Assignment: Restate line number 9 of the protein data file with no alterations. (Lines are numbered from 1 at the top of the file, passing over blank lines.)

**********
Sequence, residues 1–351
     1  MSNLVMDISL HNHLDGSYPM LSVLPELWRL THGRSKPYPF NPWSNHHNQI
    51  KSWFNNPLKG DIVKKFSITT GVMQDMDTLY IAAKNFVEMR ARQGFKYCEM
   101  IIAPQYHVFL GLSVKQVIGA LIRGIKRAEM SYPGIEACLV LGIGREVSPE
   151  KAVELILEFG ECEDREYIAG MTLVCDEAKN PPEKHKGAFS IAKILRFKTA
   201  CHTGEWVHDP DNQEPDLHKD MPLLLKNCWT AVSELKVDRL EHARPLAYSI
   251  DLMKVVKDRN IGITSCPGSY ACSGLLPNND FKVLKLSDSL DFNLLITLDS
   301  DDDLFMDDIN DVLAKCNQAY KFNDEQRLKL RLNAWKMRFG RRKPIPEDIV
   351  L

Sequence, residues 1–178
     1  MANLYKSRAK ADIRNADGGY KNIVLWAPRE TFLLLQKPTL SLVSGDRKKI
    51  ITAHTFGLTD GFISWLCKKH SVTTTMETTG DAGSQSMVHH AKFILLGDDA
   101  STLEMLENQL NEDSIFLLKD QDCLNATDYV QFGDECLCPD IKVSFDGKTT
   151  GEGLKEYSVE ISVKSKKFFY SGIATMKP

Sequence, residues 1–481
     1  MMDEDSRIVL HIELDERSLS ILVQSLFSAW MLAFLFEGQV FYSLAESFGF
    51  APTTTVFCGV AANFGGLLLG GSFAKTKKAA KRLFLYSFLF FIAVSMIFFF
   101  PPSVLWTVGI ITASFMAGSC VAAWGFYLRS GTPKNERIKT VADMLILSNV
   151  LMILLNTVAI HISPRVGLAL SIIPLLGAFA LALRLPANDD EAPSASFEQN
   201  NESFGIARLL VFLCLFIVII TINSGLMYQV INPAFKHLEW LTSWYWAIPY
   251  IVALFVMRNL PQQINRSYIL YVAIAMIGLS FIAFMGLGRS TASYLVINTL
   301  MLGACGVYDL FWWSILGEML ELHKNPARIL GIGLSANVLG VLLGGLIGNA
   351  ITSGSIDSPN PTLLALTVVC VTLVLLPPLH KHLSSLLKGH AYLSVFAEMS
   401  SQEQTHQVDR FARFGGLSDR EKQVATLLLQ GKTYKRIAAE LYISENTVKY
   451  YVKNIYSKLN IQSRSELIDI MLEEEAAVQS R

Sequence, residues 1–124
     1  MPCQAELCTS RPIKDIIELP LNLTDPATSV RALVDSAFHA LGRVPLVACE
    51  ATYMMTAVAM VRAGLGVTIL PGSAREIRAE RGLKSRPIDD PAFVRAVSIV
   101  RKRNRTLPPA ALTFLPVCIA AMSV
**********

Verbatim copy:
   351  L